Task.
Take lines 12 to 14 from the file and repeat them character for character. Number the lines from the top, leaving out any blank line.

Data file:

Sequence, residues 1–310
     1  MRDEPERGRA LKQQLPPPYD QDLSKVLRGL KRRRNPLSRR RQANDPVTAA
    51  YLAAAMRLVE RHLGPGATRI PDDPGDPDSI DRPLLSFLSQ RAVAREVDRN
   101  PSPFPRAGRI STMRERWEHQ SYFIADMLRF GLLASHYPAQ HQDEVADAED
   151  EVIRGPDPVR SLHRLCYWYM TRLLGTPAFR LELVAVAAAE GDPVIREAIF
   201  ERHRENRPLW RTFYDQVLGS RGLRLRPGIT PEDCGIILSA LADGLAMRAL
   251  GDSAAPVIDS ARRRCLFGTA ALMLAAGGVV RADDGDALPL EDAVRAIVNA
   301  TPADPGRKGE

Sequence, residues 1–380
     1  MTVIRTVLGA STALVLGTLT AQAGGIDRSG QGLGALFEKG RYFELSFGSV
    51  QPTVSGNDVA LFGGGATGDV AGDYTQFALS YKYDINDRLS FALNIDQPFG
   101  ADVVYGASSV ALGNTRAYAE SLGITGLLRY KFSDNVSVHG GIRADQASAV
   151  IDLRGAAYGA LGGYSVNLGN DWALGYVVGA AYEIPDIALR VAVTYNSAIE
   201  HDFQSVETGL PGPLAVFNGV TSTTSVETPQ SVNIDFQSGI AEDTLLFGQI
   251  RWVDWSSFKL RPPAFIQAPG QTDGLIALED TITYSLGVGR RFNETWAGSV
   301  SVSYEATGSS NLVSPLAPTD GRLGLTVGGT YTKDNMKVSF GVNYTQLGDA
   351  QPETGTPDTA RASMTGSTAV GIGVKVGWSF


   101  ADVVYGASSV ALGNTRAYAE SLGITGLLRY KFSDNVSVHG GIRADQASAV
   151  IDLRGAAYGA LGGYSVNLGN DWALGYVVGA AYEIPDIALR VAVTYNSAIE
   201  HDFQSVETGL PGPLAVFNGV TSTTSVETPQ SVNIDFQSGI AEDTLLFGQI